Arriving with good time to get the rods in before dark, I carefully set everything up in stealth mode, wrapping up and getting the hookbaits perfectly in position with plenty of time. No rushing and thrashing, just a gentle lob and a wonderful drop as the lead hit the bottom cleanly on the first cast. The first night was quiet in my zone, but I definitely heard a carp show nearby and rang my mate Lewis, who I knew was somewhere round the lakes delivering tackle to a couple of TA consultants who were fishing adjoining venues. When he finally arrived, he needed several moments to recover from the walk before continuing his arduous push to go and set up. As it turned out he spent most the night walking around the lake looking for his lost wallet – a wallet that I had unknowingly tucked in my own bag as I’d felt a wallet on my bed and put it away without a second thought… Ooops!

Anyway, after a night only punctuated by the odd crayfish tug and bleep, I reeled in my rods and rested the swim. The previous bites had been after dark, so I felt that keeping the lines out the water, so I could absolutely guarantee that no fish drifting around the area could be aware of my lines. After a few hours of chatting with Lew and drinking his tea (and watching him getting his own rods out) I slipped off to my quiet little plot and crept quietly out onto the marginal shelf. With a single flick, the lead went out precisely where I wanted and got a mega drop. The line was settled, and the rod set firmly in its rest and was followed by a little spread of baits over the top, just a few. I sat back full of anticipation. Would tonight be the night?

As the day had progressed, I’d developed a banging headache (listening to Lew!). Consequently, just a couple of hours later, when the bobbin smacked up to the top I was laid on my bed, relaxing with my eyelids closed. I was on the rod in a flash and a heavy fish ponderously kited left, before picking up a bit of weed and then grinding to a halt for a moment. From my time angling in that swim, I knew that the area the fish had gone round to contains a few submerged dead branches; old windfall that had sunk to the lakebed, and the fish bogged down as it dived deep into the danger zone. From this point on it felt like there was a dead weight on the line and a massive sawn-off set of branches popped up, illuminated by the moonlight. As I grabbed the branches, I could see a carp’s tail waving by my knees and thought for one deluded moment that I could net it from under the branch that was well and truly snared up on my line!! As I tried to lift the net it shot forward just beyond the branch I was holding and just went mental! At that point I called out to Lewis for help – this was a scary moment – it was touch and go…

Don’t ask me how to describe the process by which the fish found its way into the folds of my waiting landing net, but it was both precarious and fully tested my resolve (and the tackle) to the max, but into the net the fish somehow went! Lew arrived in the swim with his headtorch on and we just looked on in awe at the huge expanse of bronze scales that were now illuminated. Wow!!!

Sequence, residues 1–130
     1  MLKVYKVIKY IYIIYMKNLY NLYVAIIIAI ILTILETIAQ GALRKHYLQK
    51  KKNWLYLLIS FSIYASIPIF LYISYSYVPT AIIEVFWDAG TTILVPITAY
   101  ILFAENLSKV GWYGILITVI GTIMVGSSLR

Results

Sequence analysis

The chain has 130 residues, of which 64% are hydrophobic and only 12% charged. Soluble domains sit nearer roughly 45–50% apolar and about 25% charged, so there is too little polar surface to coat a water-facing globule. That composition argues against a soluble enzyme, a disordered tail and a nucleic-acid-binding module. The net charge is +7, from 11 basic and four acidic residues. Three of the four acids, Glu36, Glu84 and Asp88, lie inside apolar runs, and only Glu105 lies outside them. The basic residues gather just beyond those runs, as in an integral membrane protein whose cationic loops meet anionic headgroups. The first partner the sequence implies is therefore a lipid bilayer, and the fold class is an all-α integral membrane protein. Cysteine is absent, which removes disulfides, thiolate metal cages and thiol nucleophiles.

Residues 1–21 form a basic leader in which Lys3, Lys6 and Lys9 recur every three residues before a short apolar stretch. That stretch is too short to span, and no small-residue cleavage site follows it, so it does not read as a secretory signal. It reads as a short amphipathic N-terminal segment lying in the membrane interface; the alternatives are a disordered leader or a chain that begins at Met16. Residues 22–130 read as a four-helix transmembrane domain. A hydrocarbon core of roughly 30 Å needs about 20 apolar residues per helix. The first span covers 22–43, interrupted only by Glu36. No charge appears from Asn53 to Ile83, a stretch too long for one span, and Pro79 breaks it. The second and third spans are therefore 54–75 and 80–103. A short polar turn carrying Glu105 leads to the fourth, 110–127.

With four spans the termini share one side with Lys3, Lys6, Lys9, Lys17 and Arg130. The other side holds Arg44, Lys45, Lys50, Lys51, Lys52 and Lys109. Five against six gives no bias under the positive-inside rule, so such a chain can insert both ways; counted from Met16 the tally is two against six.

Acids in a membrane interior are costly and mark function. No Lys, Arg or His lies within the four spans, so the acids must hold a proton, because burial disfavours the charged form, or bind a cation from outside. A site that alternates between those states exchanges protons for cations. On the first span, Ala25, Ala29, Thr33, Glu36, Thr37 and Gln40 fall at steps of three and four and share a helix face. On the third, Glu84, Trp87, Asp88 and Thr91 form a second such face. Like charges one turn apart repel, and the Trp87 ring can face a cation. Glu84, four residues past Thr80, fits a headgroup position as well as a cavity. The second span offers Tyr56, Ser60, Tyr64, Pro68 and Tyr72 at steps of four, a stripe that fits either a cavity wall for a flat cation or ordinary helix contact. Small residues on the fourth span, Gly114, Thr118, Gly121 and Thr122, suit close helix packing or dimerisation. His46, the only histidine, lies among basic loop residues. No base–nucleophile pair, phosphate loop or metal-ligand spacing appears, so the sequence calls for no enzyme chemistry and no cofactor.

I simply exclaimed “It’s MASSIVE!”. It was…

We soon identified her as a rare old beast named ‘Patch’, the lake’s second largest common – as far as we knew its last capture was over a year before, weighing in at 50lbs plus. It was with a real buzz that we thoroughly wet the sling and mat, zeroed the scales, and went to lift the fish out. As soon as we took the strain it was evident that this was a BIG carp, and at the same time we rolled her over to confirm the fishes ID. It was Patch! What an awesome and humbling experience…

We popped the OE hook out and made sure she was cradled safely – all fins tucked flush to the fish’s sides and its weight evenly supported by the sling. Up she went and the dial on Lew’s Rueben’s went round a mindboggling distance, eventually settling at just over the 55lb mark! 55lb 2oz to be exact.  

She was oh so carefully returned to the water in the sling whilst Lew popped the short distance back to his van to grab his camera flash – there’d be no long retention of such a special and unique beast by us, and we did the pictures soon after he arrived back. Sometimes it’s easier to deal with a mega carp without a swim full of people trying to be helpful. As it went, she behaved impeccably and soon it was just a glorious, stupendous, marvellous memory…

What a carp! It’s hard to recount the story without a tingle going down my spine. People wonder why we go fishing. I know why – for the whole journey and those spectacular (and rare) moments when the stars align, and you’re left in a state of abject euphoria. It’s time to recharge at home now and try and think of another cunning plan for the new year on the amazing lake that is Burghfield…

Thanks to Lew for his help on the night (though I think that debt was settled with the 45lb 8oz you caught 2 hours later) and Ben for all his support throughout the whole campaign.

LATEST NEWS

Off The Mark

Guy Turnbull had a great start to the year using when he ventured out in storm Freya...

Queen of The Valley

An in-depth account of Oz Holness's run up to catching the famous old common known as 'Swirly' - The Queen of the Stour Valley.

TA Brand Reboot

Our new and improved products now come repackaged in minimalist styling, with cool dark greys and fresh green geometric patterns.

Oz Holness spreads his wings

An insight into what Oz Holness has been up to over the past 6 months since he left the fire service to become an integral part of the TA team.